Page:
Meet Anuj Jajoo, this week’s Flo Recruit Spotlight Summer Intern. Anuj is a Finance Major in the Business Honors Program in the McCombs School of Business at The University of Texas at Austin. Anuj spent his summer in Austin as a Mergers and Acquisitions Intern at Pathway Vet Alliance, a veterinary consolidator backed by Morgan Stanley Global Private Equity.
Traditionally, the business consulting or niche private equity space seems pretty impregnable from the outside-in, but Pathway is a place that incorporated the analytical and technical aspects of those industries with a core mission, to be “change agents for good.” When interviewing, I could immediately tell that the roots of the company were in the industry. The founder and many members of the leadership team are doctors that started as practicing veterinarians which aligned directly with our mission to help our customers who were veterinarians and pet owners. Additionally, the members of the M&A team that interviewed and interacted with me were entrepreneurial and focused, but also friendly. After discussing with a mentor who had interned there before and talking candidly with my manager, I knew I wanted to be a part of this team and space, and I chose to pursue this opportunity.
Austin, Texas is a city that consistently surpasses its own stellar reputation and spending a summer there away from the campus ecosystem was eye-opening. Despite being the smallest city out of the big three of Texas population wise, it’s definitely the most energizing, with a constant stream of people and activities everywhere. This youthful vibrancy, combined with an unrivaled set of outdoors activities like paddle boarding, hiking, boating, and biking made the city enjoyable during the day. Feeling like a college student and enjoying the famous food and nightlife scene while still learning in a world-class environment made my summer exciting and rejuvenating.
While my role on paper was an M&A analyst intern, the work and learning I was exposed to went far beyond the bullet points of a job description. My takeaway from that environment of constant activity and diverse opportunities was to always say yes to a new task or someone that needed help and then consistently deliver before deadlines. After a while of doing this double dip within corporate development and special projects, I realized I really enjoyed this variety beyond by basic tasks of financial models or data refining. Everyday projects were made even more constructive by personal challenges I made for myself like using different data software or learning new formulas on Excel. Saying yes to new and uncertain projects helped me gain exposure to so many different aspects of the business and develop relationships with Pathway leaders.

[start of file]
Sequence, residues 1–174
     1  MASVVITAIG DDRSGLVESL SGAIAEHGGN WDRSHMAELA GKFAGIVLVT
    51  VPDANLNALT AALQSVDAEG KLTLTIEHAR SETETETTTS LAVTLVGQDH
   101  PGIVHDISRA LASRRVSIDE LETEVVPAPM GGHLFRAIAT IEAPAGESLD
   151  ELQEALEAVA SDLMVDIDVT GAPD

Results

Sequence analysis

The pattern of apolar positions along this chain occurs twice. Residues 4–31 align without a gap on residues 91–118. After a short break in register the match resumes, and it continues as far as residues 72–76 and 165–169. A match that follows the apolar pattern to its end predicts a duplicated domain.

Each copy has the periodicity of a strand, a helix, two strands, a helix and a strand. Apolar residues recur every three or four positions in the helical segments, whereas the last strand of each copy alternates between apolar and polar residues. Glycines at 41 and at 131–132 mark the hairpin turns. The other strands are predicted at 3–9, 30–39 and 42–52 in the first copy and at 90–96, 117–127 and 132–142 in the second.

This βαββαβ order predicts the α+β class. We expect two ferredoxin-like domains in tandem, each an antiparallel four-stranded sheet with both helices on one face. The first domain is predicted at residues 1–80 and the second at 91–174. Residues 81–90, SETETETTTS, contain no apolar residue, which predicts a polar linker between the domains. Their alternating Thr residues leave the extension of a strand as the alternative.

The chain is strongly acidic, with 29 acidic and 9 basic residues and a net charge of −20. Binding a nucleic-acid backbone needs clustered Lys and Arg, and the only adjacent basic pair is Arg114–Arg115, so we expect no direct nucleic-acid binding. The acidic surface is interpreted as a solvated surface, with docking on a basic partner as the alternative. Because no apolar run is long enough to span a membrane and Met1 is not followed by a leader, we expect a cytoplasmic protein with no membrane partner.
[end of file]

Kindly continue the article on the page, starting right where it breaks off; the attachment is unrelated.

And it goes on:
At The University of Texas at Austin, I am involved in Genesis, a student and alumni led venture capital fund that invests in student-founded startups from across campus, in the portfolio management sub team. I am also a member of TUIT, an undergraduate finance investment team that cultivates finance education through mentorship, professional development, and a unique small-team learning environment. Additionally, I volunteer with Capital Community, which educates Austin high schoolers about personal financial literacy and college readiness. Outside of these organizations, I enjoy playing intramural soccer, basketball, and volleyball and attending various speaker and panel discussion events across campus.
While I haven’t pinned down my dream career yet, my dream goal is to be an entrepreneur running my own company or leading a fund that invests in and scales companies solving pressing problems around the world. Over the course of my internship, I’ve had the opportunity to learn from our team’s leaders and the company’s executives who’ve had career experience in a similar field to this goal, including activist investing, consulting, and different areas of private equity. I’ve been able to seek mentorship through conversations with these leaders and by constantly having my work reviewed and constructively criticized. Additionally, having this kind of insight to an industry I was truly unfamiliar with has helped establish a unique learning mentality and discipline for future internships, classes, competitions, and even ideas I may want to explore in the future. This fall, I’ll be continuing working at Pathway part-time as I explore more on campus because of the value I’ve found in learning and personal development there!
Interning at Pathway, like most other things, is 80% what you make of it. Because of the M&A role’s nature, you’ll have enough opportunities and exposure to pursue different projects and truly learn about different ways of solving business problems. In order to take the most advantage of this and leave the company with the satisfaction of having made an impact, always be open to feedback, eager to try new things, and think out of the box to improve processes for the same tasks.